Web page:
Santa Monica’s response to homelessness has been going on for so long, it has its own evolution. As Darwin predicted, intelligence is surviving. Over the past 16 years, two idealistic, polarized mindsets have moved together to occupy a new pragmatic middle ground. From this ground, relief is beginning to spring up, for both the homeless and the housed.
The early years were definitely not the good old days. The first time I remember Santa Monicans naming homelessness as the city’s worst problem was when Concerned Homeowners of Santa Monica surveyed 11,000 homeowners in 1989. In response to the survey and the growing number of encampments in city parks, CHOSM planned a conference on homelessness with city officials and the public, to be held in the Main Library auditorium.
At that time, a group of homeless men were more or less based at the library, making good use of the public computers there to network with each other and their supporters on PEN, a prehistoric city-sponsored chat room. When they heard about the conference, one man who identified himself as homeless accused CHOSM of “wanting to run us out of town on a rail.” Another wrote, “The only way to deal with the Concerned Homeowners is with bullets.” I still remember his name.
The conference itself was a good exchange of views and information (no gunfire), but in the following months and years, the dialogue grew very loud and shrill. Two camps—each named by the other—emerged: The “Bleeding Hearts,” who believed in opening our pocketbooks to panhandlers and our parks to whoever wanted to live there; and the “Heartless,” who considered homeless people freeloaders best treated with “bus therapy” (free bus tokens to leave the city). People who sought a more balanced approach were—despite their protests—also lumped into one camp or the other. We were off to a really bad start.
We have had 16 years to learn, think, and evolve. We have now concluded that Santa Monica must insist on regional solutions to homelessness and not try to locate every facility within our 8.3 square miles. Besides that, former “Bleeding Hearts” now realize that unconditionally helping anyone who asks does reach some genuinely needy people, but also enables those who chose to live on the streets to do so indefinitely. Likewise, the “People Formerly Known as Heartless” now understand that many individuals live on the streets because they truly have no choice. Maybe they did once, but not anymore. These are the chronic homeless, the most visible and — because of untreated mental illness or addictions — the hardest to reach and house.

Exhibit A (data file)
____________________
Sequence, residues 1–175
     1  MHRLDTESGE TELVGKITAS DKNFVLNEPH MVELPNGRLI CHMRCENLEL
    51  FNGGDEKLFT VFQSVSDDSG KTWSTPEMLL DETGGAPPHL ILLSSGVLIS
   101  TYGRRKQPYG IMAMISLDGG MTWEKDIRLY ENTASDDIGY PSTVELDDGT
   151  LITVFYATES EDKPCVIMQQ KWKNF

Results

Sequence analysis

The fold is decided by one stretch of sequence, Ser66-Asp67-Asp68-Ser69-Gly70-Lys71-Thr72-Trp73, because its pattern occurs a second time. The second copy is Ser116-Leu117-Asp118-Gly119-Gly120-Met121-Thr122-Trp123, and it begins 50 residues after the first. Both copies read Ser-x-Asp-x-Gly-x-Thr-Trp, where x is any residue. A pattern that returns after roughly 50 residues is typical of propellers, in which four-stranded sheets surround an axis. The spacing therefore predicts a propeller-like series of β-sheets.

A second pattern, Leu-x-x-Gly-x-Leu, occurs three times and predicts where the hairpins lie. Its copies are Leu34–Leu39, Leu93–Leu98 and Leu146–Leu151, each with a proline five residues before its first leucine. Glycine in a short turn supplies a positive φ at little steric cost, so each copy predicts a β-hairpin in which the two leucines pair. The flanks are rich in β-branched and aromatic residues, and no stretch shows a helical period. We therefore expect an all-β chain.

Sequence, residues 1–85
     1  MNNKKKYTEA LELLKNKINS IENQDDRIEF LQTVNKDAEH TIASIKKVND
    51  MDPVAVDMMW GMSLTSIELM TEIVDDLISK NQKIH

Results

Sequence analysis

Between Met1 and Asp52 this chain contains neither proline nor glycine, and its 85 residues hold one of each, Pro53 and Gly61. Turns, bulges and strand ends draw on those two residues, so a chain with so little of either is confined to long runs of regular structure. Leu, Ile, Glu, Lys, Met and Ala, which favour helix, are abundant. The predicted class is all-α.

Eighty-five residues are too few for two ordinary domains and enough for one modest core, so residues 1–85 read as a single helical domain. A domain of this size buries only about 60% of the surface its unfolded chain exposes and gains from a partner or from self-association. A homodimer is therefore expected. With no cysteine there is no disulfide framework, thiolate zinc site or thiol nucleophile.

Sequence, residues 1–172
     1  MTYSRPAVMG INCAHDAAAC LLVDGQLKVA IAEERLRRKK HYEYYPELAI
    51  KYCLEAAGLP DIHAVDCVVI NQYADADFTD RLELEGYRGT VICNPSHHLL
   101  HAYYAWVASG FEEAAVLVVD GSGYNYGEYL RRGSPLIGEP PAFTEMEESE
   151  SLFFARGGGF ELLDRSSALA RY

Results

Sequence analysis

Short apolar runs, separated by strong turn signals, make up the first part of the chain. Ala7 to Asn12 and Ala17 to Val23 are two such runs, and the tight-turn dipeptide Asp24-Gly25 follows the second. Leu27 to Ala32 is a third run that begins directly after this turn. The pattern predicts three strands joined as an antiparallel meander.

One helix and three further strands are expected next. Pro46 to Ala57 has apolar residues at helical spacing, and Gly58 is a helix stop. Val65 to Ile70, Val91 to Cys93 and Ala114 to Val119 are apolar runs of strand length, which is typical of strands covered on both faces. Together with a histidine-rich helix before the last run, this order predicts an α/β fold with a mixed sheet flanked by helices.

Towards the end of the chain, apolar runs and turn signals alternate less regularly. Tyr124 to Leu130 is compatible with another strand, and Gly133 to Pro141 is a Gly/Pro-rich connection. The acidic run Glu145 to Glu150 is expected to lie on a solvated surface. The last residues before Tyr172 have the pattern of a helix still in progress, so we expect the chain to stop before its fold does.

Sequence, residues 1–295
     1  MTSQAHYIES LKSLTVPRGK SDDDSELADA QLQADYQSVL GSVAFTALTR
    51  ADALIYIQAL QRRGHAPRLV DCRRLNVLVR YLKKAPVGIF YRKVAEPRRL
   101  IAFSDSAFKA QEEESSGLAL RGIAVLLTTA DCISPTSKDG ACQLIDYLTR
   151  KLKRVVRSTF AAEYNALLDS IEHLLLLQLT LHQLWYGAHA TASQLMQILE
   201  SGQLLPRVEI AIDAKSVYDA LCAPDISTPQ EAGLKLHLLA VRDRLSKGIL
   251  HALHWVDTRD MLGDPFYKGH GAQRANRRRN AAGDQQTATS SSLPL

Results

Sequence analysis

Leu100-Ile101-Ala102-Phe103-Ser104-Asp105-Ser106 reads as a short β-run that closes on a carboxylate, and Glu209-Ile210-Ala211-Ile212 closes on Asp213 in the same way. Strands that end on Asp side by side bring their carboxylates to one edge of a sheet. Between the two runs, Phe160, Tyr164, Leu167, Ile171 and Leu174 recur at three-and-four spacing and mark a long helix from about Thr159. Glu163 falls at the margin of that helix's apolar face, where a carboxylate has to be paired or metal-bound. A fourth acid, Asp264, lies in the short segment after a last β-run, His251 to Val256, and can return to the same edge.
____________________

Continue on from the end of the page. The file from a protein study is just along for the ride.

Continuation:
Ironically, it is the chronic homeless—the “most homeless” of the homeless—who are moving Santa Monicans toward a middle ground, because everyone agrees that the chronic homeless should not be living in our parks, carports, doorways, and on the Promenade. People’s reasons run the gamut from religious/humanitarian conviction, business/tourist considerations, annoyance, and health issues, to fear for personal safety. Nearly everyone in the city has a motivation to help solve this particular problem.
Until a year ago Santa Monica was making no concerted effort to move chronic homeless people into services and housing. The city supports many homeless services, which have helped thousands of people, but these services are designed for those who can follow the programs’ rules, which mentally ill people and addicts cannot do. The city began a chronic homeless pilot program last summer. Of the 25 people enrolled in the program, 10 have been placed in permanent housing, three are in temporary housing, one died, and all have a service plan. This month Santa Monica will receive a HUD grant of $700,000 to continue and expand the program. We were one of 10 communities selected nationwide.